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End Aboriginal Cult of Victimhood and Focus on What Matters

Too many Aboriginal people in this country suffer and languish — not due to a lack of energy, effort or resources, but misplaced priorities.


Take the recent†stories†generated by the 25th anniversary of the report of the Royal Commission into Aboriginal Deaths in Custody. We’ve seen stories and heard speeches all centring on the theme of “25 years later, Aboriginal people still die in custody”. The usual suspect, racism, is fingered as the underlying cause of these deaths.

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Hobbled by History, Immersed in Self-Pity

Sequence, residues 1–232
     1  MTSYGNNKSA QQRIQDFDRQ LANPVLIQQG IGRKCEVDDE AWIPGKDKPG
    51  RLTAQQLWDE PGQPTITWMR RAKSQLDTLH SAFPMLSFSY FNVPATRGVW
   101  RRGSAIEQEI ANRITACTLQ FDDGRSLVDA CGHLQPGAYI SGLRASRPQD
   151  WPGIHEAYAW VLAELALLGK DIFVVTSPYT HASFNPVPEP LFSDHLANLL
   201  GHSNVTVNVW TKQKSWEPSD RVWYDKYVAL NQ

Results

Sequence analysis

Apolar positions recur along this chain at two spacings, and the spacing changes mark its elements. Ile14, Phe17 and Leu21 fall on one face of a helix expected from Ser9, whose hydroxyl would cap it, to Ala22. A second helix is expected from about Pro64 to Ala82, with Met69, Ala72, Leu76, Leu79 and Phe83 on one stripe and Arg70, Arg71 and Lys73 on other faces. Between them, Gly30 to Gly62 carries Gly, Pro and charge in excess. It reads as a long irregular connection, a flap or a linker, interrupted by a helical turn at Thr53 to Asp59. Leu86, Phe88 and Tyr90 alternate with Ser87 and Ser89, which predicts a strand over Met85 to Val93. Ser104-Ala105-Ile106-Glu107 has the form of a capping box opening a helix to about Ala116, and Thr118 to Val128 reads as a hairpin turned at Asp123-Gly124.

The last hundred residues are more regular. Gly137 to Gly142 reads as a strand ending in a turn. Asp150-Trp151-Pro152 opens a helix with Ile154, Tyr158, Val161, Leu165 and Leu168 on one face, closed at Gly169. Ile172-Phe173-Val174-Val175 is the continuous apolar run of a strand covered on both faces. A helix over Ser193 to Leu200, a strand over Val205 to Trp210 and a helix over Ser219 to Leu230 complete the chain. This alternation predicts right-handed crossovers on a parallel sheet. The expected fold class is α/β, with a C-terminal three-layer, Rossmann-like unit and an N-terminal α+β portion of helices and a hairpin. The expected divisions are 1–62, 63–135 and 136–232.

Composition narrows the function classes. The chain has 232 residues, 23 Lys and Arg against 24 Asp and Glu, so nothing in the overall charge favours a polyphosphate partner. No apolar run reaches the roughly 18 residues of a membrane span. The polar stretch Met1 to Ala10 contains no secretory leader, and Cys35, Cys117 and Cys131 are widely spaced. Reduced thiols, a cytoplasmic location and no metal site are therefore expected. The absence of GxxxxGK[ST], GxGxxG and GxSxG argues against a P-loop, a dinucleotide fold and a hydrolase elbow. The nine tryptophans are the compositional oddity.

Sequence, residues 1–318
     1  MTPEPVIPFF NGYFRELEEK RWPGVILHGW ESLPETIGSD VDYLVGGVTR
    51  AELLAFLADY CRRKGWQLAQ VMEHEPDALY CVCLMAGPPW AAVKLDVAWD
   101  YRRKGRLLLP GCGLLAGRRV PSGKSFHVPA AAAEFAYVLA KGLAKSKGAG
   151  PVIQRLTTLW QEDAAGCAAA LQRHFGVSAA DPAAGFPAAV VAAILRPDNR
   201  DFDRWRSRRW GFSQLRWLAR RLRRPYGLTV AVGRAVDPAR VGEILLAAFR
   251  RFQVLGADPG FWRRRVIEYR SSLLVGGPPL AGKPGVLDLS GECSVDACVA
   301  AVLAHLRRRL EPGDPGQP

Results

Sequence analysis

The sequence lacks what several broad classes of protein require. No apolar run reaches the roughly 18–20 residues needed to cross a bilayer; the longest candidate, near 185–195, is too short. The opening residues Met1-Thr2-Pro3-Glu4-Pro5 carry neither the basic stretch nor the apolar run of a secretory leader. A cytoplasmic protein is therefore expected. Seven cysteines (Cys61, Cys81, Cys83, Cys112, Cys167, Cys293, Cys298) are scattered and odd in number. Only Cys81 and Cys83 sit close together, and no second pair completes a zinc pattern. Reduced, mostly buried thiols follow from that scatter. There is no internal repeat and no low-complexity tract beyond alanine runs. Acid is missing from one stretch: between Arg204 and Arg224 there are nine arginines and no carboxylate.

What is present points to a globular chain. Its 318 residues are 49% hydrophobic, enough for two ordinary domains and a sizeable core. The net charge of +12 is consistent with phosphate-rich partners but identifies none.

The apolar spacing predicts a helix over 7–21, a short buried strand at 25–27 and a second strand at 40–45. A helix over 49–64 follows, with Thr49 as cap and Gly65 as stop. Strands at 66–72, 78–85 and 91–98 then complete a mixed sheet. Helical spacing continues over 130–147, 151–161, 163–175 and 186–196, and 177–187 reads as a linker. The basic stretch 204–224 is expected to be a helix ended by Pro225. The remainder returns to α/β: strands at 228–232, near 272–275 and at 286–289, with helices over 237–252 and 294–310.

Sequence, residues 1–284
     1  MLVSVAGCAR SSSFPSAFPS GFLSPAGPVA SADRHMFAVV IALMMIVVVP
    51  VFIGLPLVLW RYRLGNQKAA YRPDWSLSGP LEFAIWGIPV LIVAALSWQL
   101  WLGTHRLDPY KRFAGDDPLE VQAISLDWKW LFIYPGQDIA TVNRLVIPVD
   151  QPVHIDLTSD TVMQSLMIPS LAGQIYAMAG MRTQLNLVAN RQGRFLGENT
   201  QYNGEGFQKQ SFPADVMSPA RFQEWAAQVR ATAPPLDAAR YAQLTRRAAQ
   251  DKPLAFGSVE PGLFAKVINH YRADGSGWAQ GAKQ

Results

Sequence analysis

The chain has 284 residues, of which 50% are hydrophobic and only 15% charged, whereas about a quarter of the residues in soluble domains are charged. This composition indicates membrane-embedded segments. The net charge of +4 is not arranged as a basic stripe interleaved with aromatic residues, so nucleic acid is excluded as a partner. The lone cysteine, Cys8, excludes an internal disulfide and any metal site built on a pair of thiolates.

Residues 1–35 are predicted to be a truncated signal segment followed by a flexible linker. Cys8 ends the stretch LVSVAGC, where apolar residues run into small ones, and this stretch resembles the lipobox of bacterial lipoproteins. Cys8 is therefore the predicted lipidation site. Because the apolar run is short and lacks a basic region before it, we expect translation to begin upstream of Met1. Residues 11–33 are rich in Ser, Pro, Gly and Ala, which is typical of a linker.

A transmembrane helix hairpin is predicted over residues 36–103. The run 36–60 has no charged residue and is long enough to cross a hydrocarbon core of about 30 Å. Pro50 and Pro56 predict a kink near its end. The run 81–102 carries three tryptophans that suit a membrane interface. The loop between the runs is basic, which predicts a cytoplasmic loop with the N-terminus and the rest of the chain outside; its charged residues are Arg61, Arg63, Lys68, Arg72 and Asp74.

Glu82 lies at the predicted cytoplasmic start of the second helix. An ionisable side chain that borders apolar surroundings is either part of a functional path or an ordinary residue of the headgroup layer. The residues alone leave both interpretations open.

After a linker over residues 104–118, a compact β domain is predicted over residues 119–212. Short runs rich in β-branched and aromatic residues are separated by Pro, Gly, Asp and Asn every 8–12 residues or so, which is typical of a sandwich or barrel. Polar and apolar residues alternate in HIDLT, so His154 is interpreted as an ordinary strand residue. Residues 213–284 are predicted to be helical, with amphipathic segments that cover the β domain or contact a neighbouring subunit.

The first and saddest reaction of far too many Indigenous activists and spokesmen is to see the past as a crushing burden, one that can only be lifted by profuse apologies and, the most recent demand, a rewritten Constitution. It is an attitude no less destructive than delusional.

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No More victimhood

A significant source of the problems facing Aboriginal people today is the status-quo acceptance of the victim status of Aboriginal people. It is one of the elephants in the room. In this chapter I will explore the dynamics of victimhood and why it is so problematic for Aboriginal people.

Originally published in the Connor Court publication, In Black and White: Australians All at the Crossroads.

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